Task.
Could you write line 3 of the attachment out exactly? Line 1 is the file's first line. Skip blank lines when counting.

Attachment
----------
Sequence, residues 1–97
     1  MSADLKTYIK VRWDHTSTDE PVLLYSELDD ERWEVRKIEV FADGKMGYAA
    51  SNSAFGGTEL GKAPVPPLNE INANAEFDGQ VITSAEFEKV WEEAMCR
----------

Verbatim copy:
    51  SNSAFGGTEL GKAPVPPLNE INANAEFDGQ VITSAEFEKV WEEAMCR